IPCC Fourth Assessment Report: Climate Change 2007
Climate Change 2007: Working Group I: The Physical Science Basis Temperature and Precipitation Extremes

Several RCM studies focused particularly on changes in extreme temperature events. Bell et al. (2004) examine changes in temperature extremes in their simulations centred on California. They find increases in extreme temperature events, both as distribution percentiles and threshold events, prolonged hot spells and increased diurnal temperature range. Leung et al. (2004) examine changes in extremes in their RCM simulations of the western USA; in general, they find increases in diurnal temperature range in six sub-regions of their domain in summer. Diffenbaugh et al. (2005) find that the frequency and magnitude of extreme temperature events changes dramatically under SRES A2, with increases in extreme hot events and a decrease in extreme cold events.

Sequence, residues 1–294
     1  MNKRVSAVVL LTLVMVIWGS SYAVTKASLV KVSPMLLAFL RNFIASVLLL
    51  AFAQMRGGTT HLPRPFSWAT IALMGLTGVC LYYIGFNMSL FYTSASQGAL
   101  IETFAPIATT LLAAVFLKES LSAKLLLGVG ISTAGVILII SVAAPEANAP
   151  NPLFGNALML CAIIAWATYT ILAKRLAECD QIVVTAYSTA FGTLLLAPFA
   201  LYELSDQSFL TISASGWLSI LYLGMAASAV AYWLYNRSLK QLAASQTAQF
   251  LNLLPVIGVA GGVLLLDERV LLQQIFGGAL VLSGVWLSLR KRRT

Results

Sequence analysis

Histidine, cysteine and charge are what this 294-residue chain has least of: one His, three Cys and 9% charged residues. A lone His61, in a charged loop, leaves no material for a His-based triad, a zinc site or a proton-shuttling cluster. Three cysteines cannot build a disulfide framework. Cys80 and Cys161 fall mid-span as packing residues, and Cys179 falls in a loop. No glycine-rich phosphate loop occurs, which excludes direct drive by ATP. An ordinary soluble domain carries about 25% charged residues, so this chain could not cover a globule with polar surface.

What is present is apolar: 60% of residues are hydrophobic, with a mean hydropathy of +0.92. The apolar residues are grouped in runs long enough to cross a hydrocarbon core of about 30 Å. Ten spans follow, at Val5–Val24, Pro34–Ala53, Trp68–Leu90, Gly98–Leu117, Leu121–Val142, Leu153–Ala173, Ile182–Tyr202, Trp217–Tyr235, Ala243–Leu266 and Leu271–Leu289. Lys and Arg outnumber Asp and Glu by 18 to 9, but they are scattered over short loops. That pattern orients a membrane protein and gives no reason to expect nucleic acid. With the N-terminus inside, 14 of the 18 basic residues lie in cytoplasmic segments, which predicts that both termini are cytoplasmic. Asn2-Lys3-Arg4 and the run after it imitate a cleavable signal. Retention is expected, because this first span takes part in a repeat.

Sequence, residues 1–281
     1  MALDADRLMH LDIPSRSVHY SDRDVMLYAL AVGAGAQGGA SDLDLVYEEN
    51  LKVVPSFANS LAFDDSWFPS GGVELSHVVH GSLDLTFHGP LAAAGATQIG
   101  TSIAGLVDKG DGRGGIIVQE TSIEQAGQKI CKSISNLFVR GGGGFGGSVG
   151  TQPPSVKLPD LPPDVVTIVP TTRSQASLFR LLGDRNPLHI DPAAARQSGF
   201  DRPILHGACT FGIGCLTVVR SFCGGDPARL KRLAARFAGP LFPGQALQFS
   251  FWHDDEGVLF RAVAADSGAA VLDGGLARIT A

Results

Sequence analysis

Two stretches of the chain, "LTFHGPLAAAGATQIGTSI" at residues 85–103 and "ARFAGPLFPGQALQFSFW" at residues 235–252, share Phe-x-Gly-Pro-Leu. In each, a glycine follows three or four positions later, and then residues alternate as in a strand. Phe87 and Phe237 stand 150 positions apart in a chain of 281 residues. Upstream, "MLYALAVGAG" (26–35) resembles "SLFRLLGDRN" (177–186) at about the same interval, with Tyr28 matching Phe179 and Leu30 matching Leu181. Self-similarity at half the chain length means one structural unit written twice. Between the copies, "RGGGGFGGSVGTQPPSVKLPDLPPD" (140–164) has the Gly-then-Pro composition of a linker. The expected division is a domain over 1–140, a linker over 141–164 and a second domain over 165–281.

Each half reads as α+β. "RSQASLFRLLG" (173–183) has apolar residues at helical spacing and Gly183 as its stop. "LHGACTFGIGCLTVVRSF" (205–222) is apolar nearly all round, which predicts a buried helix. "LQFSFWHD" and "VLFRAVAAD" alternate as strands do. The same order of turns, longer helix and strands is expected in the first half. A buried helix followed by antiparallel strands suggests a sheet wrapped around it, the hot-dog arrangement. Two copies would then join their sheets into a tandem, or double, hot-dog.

In a study of precipitation extremes over California, Bell et al. (2004) find that changes in precipitation exceeding the 95th percentile followed changes in mean precipitation, with decreases in heavy precipitation in most areas. Leung et al. (2004) find that extremes in precipitation during the cold season increase in the northern Rockies, the Cascades, the Sierra Nevada and British Columbia by up to 10% for 2040 to 2060, although mean precipitation was mostly reduced, in accord with earlier studies (Giorgi et al., 2001a). In a large river basin in the Pacific Northwest, increases in rainfall over snowfall and rain-on-snow events increased extreme runoff by 11%, which would contribute to more severe flooding. In their 25-km RCM simulations covering the entire USA, Diffenbaugh et al. (2005) find widespread increases in extreme precipitation events under SRES A2, which they determine to be significant.